And now it's back to lesson plans, hooray!

The teacher strike that shut down all the public schools in West Virginia is over; Gov. Jim Justice agreed Tuesday to give teachers a five percent raise this year, which may drag the state's teacher pay a little bit higher than 48th in the nation. Schools will reopen tomorrow after what's being called a "cooling off" day today. In addition to the raise for teachers, Justice also announced a three percent raise for all state employees, who we hope will send a nice thank you card to the teachers' union.


Also, how's this for terrific and maybe a tiny bit weepy, shut up, fuck you, YOU'RE CRYING. Before going out on strike, teachers and staff packed up enough home lunches to distribute to kids who wouldn't be able to get fed at school. At the elementary school in Beckley, teachers showed up to serve lunch outside the school:

After the strike went into a third day, strikers helped arrange for an informal distribution network to get food to families; some showed up at kids' homes with boxes of food.

Image via Facebook

With the strike resolved, the lunchrooms can now give EVERYBODY eat.

Is there a "Hooray, but..."? Of course! For one thing, the state legislature will have to pass the raise Justice called for, and as we noted yesterday, West Virginia has cut business taxes so much that there's not a lot of extra revenue for some reason. And the other big issue behind the strike still hasn't been fixed: problems with the state's health insurance program for public employees will be handed to a task force to work out. This didn't exactly go over great with teachers, who had complained the state wasn't serious about fixing the Public Employee Insurance Agency (PEIA). Before the strike, the state placed a 17-month freeze on PEIA premium rates, and teachers are concerned that sending the issue off to a commission to work is mostly a delaying tactic.

Teachers rallying outside the state Capitol last night turned fairly quickly from cheering the pay raise agreement to booing the delay on PEIA, then began chanting "Back to the table!" and "Fix it now!"

Do click the video, if only to bask in the awesomeness of some unseen person blowing a tuba to punctuate the chants.

Debbie Helvey, a sixth-grade science teacher from East Bank, told CNN she has been a wreck during the strike. She was still nervous Tuesday, worried the negotiation win would be fleeting.

"I'm just afraid that it's going to be tabled and put on the back burner, and we're going to be asked to do this again," she said.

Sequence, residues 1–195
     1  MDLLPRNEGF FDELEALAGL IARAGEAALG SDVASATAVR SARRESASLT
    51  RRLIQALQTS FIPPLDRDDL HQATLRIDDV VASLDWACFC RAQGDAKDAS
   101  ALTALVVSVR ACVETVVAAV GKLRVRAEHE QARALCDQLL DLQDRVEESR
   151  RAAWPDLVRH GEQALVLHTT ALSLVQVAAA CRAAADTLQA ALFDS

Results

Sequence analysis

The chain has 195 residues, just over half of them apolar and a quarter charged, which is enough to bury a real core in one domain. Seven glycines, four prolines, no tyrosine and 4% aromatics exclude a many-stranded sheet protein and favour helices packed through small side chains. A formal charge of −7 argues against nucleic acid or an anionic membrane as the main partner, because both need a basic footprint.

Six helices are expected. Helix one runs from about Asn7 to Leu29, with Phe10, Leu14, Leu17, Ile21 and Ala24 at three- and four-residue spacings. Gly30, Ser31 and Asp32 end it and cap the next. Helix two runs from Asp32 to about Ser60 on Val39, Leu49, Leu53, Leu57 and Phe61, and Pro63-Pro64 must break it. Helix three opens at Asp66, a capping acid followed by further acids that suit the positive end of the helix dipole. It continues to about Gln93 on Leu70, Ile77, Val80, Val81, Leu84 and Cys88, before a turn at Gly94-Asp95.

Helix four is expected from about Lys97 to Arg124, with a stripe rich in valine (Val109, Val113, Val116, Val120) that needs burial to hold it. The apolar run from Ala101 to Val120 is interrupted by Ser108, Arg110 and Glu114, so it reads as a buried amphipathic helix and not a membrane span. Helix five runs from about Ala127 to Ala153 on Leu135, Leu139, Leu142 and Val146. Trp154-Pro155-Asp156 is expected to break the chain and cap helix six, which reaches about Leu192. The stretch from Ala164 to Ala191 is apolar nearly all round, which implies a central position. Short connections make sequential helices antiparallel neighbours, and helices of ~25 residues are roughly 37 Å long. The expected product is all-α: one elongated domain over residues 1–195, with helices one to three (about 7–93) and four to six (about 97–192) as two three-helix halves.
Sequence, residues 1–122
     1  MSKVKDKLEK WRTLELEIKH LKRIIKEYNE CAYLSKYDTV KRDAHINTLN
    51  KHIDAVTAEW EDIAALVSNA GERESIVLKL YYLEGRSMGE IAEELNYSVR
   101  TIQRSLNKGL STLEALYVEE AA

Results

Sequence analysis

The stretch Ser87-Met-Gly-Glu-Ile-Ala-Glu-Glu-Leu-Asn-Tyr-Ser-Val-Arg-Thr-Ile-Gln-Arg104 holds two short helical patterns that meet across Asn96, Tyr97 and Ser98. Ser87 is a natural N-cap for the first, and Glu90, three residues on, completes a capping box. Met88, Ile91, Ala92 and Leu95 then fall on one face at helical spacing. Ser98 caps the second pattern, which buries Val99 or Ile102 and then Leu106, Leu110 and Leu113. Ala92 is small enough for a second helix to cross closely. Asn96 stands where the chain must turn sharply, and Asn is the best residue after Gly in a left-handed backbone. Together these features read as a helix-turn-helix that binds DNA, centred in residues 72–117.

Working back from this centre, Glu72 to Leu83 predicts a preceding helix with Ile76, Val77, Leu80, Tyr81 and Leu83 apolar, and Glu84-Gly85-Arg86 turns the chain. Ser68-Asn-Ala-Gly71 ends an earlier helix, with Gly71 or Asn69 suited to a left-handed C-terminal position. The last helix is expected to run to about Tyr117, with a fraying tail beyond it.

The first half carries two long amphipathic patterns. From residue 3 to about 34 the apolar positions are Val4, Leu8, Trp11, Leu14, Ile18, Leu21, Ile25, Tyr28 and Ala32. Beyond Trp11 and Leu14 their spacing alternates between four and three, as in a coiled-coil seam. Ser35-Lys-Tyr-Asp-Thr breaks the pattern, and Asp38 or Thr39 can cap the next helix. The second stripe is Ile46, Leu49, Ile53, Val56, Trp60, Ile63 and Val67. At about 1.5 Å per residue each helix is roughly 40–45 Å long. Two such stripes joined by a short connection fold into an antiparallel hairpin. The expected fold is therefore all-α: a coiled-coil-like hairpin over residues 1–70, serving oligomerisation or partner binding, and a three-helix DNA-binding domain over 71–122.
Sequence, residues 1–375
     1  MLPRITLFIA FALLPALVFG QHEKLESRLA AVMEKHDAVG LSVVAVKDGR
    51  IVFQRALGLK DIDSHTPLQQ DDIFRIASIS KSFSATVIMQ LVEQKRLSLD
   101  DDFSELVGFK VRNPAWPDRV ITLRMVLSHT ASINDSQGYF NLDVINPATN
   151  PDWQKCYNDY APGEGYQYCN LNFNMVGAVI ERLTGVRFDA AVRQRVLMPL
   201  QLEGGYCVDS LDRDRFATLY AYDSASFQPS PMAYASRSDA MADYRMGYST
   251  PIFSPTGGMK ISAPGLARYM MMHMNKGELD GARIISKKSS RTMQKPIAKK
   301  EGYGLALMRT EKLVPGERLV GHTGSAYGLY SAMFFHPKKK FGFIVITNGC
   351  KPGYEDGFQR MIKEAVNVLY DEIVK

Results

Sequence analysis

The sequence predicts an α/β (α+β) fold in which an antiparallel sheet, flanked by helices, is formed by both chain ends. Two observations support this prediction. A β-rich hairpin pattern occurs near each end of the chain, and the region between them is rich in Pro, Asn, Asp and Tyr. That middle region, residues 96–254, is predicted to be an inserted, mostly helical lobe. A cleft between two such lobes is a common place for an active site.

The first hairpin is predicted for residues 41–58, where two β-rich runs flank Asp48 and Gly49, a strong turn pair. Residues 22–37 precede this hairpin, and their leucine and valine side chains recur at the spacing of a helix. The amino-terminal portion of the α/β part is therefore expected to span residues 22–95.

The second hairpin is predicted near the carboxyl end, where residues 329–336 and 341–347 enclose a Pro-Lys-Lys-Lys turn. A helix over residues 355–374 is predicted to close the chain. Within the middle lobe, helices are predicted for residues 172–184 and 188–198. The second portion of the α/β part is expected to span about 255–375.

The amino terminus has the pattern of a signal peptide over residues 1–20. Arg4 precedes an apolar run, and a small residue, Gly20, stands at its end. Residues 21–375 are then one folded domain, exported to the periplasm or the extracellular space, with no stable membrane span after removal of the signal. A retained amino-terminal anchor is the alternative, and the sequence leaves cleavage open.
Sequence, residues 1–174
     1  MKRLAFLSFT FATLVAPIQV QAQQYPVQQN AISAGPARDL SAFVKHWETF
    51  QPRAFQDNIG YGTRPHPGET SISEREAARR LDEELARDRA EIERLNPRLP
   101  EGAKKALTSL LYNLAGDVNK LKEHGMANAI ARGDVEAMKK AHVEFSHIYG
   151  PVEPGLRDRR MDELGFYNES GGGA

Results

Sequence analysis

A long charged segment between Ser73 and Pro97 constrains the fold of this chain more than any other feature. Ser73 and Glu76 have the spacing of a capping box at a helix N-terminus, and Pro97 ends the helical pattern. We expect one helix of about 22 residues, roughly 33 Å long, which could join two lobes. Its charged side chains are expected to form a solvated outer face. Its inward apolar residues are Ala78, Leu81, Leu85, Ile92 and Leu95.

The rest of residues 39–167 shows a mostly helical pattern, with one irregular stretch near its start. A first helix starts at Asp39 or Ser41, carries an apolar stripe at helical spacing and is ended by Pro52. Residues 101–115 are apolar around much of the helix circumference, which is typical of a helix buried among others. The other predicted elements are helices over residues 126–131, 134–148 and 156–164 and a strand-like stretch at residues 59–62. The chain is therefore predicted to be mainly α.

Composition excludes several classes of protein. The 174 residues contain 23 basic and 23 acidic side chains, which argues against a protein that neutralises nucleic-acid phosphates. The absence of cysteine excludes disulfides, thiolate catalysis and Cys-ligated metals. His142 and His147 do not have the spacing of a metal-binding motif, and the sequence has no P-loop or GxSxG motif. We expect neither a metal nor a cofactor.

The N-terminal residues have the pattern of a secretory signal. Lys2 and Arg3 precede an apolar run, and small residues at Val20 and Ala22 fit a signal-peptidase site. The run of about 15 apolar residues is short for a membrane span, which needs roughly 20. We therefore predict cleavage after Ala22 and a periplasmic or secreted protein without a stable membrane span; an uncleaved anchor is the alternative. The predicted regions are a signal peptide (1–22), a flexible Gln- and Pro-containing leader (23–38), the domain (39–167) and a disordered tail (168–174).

CNN reports Justice said he was at least partly moved to pay teachers more while he talked to a sixth-grader named Gideon Titus-Glover, who urged him to reconsider his stance on teacher pay:

Justice said Gideon was asking questions about tourism and the governor tried to explain about returns on investments in marketing.

Turning one dollar into eight is a good investment, the governor told Gideon.

"Wouldn't it be an investment to invest in smart teachers that would make me smart and then I can in turn, turn around and do smart, good things for our state?" the student replied.

The governor said Gideon was right and he was approaching the strike wrong.

"I was looking at it as what the prudent thing was to do and not as investment." he said Tuesday.

While that's a really sweet story that reflects well on one smart kiddo, let's also take a moment from saying "awww, so sweet" to point out that Justice's adorable story also makes a nice political narrative, giving credit to a kid (KIDS GOOD) instead of to the pressure from striking teachers (UNIONS BAD). It also might help offset the positive publicity for those teachers putting food on their students' families. Why, yes, we did major in cynicism.

In any case, the state's 250,000 public school students will be going back to classes tomorrow, and the union leaders promise they'll be vigilant in following up on PEIA reform. Christine Campbell, with the West Virginia branch of the American Federation of Teachers, said her group would hold Justice to his word, while the president of the West Virginia Education Association, Dale Lee, made it clear the pay raise will have to pass and the insurance program must be fixed permanently to keep teachers in the classroom.

And for now, it's time for teachers to consider teaching the kids the melody to "Union Maid":

If you're a West Virginian, and particularly the Morgantown kind, please plan for a visit from your Wonkette, we are thinking "March 26." In the meantime, get back to singing!

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[NBC News / CNN / NYT / CNN]

Doktor Zoom

Doktor Zoom's real name is Marty Kelley, and he lives in the wilds of Boise, Idaho. He is not a medical doctor, but does have a real PhD in Rhetoric. You should definitely donate some money to this little mommyblog where he has finally found acceptance and cat pictures. He is on maternity leave until 2033. Here is his Twitter, also. His quest to avoid prolixity is not going so great.


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